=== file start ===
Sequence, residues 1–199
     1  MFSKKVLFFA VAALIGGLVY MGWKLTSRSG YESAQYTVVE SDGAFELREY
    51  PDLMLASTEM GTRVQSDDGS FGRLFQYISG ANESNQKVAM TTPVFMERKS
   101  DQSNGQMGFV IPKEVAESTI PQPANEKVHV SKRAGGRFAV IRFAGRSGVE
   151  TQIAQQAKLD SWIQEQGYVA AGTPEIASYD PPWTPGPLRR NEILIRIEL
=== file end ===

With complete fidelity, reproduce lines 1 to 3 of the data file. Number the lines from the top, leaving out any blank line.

Sequence, residues 1–199
     1  MFSKKVLFFA VAALIGGLVY MGWKLTSRSG YESAQYTVVE SDGAFELREY
    51  PDLMLASTEM GTRVQSDDGS FGRLFQYISG ANESNQKVAM TTPVFMERKS